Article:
CW's Back Yard Water Garden Begins!


Joined
Dec 16, 2017
Messages
3,881
Reaction score
3,223
Location
Ct
Hardiness Zone
6b
Country
United States
My pond is 6 foot deep and I created a swirl to the current of the pond two return jets and the water fall circulate the water counter clock wise. The two main drains are in the center of this counter clock wise spin and the skimmer is along side the waterfall after the water has made a complete rotation. One of my videos in my build is a go pro on a floating handle as it drifts in the current. So in short the surface spins toward the skimmer and the drains in the center make a whirl pool in the center pulling debris in. If was the design I really had no idea if it would work with debris and sediment but I am happy with it . And seeing a whirl pool develope is pretty cool. The one thing I was told and confirmed is you need two drains in deeper ponds they have to be on the same pipe so if someone was to get to the drain and clog it the pressure would shift to the second drain. One law that actually makes sense. But after it is pulled from the drain it just goes to the basket strainer in the external pump and from there straight to the bogs
 
Ad

Advertisements

Joined
Sep 18, 2020
Messages
103
Reaction score
53
Location
Pacific NW
Hardiness Zone
8b
Country
United States
My pond is 6 foot deep and I created a swirl to the current of the pond two return jets and the water fall circulate the water counter clock wise. The two main drains are in the center of this counter clock wise spin and the skimmer is along side the waterfall after the water has made a complete rotation. One of my videos in my build is a go pro on a floating handle as it drifts in the current. So in short the surface spins toward the skimmer and the drains in the center make a whirl pool in the center pulling debris in. If was the design I really had no idea if it would work with debris and sediment but I am happy with it . And seeing a whirl pool develope is pretty cool. The one thing I was told and confirmed is you need two drains in deeper ponds they have to be on the same pipe so if someone was to get to the drain and clog it the pressure would shift to the second drain. One law that actually makes sense. But after it is pulled from the drain it just goes to the basket strainer in the external pump and from there straight to the bogs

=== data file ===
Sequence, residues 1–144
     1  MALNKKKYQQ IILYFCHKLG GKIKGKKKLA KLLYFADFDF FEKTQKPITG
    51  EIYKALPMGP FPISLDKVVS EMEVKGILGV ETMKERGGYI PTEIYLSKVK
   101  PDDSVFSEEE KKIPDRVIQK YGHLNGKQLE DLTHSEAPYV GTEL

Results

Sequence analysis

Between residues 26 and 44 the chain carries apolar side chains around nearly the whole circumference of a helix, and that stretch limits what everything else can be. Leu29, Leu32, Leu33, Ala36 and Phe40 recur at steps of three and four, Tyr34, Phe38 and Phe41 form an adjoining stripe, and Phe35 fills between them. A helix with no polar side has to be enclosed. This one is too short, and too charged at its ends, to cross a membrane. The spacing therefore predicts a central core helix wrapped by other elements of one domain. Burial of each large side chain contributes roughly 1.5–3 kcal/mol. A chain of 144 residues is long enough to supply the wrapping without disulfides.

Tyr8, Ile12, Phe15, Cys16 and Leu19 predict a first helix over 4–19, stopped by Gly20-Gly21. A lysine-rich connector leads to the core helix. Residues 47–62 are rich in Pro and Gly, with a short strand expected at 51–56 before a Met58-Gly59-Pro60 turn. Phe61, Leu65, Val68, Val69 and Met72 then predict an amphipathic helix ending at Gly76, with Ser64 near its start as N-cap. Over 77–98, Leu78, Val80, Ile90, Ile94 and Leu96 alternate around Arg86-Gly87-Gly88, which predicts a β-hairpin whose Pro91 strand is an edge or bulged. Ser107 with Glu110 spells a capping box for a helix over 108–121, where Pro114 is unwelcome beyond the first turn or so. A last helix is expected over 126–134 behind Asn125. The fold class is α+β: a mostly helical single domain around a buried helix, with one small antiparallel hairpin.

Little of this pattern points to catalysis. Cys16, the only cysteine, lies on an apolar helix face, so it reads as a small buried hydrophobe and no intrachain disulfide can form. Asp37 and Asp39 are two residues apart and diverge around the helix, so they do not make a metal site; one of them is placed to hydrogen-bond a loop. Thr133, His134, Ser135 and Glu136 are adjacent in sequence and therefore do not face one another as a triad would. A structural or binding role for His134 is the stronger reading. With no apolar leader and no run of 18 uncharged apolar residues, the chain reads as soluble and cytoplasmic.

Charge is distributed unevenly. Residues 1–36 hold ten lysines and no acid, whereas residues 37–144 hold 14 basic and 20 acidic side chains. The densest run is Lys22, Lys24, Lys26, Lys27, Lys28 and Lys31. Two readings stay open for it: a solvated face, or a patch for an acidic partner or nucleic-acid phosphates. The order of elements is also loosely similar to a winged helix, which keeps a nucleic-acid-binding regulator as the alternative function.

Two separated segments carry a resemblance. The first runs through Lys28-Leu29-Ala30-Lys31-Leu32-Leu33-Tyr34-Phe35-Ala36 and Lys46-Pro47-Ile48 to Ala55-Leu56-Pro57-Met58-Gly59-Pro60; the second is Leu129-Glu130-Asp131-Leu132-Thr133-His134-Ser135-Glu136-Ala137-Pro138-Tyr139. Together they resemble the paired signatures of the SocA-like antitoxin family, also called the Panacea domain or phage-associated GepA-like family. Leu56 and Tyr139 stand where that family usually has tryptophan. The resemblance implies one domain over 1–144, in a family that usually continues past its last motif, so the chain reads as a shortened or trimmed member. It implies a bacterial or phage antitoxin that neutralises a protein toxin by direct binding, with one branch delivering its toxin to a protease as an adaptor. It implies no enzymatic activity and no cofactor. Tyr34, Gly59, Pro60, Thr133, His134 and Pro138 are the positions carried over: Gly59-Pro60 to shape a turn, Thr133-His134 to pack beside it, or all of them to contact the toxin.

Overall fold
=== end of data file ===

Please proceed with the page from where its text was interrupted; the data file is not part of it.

Thanks for that explanation. Do you have gravel on the bottom of your pond? I don’t remember.
 
Joined
Dec 16, 2017
Messages
3,881
Reaction score
3,223
Location
Ct
Hardiness Zone
6b
Country
United States
Thanks for that explanation. Do you have gravel on the bottom of your pond? I don’t remember.
Yup I do and I have foxtail growing. The other thought I have is with vacuuming 2 inch rocks in the bottom will get stuck in the end of the vac while 3/4 and 1 inch will get clogged in the pipe. And can be a real pain
 
Last edited:

addy1

water gardener / gold fish and shubunkins
Moderator
Joined
Jun 23, 2010
Messages
38,772
Reaction score
23,081
Location
Frederick, Maryland
Showcase(s):
1
Hardiness Zone
6b
Country
United States
@addy1: I think I read that you had a BD on one of your old ponds, but decided not to have them on your current ones. Is that correct?
Yes you are right. I did not care for it. This is years ago, it sucked in fry, snails, plants etc. Maybe they are better built now. This pond does not have one and I have no regrets 11 years later.

The bottom of my pond has some pea gravel, some kitty litter (spilled over the years) a small amount of muck. I used to net the bottom but after never getting more than 1/2 of a 5 gallon bucket of stuff to toss (early years) to almost nothing to toss later I even quit doing that. Takes a lot of time to pull out the trap door snails, the critters that live in the pond.

Deepest depth is 5.5 or so feet.
 
Joined
Sep 18, 2020
Messages
103
Reaction score
53
Location
Pacific NW
Hardiness Zone
8b
Country
United States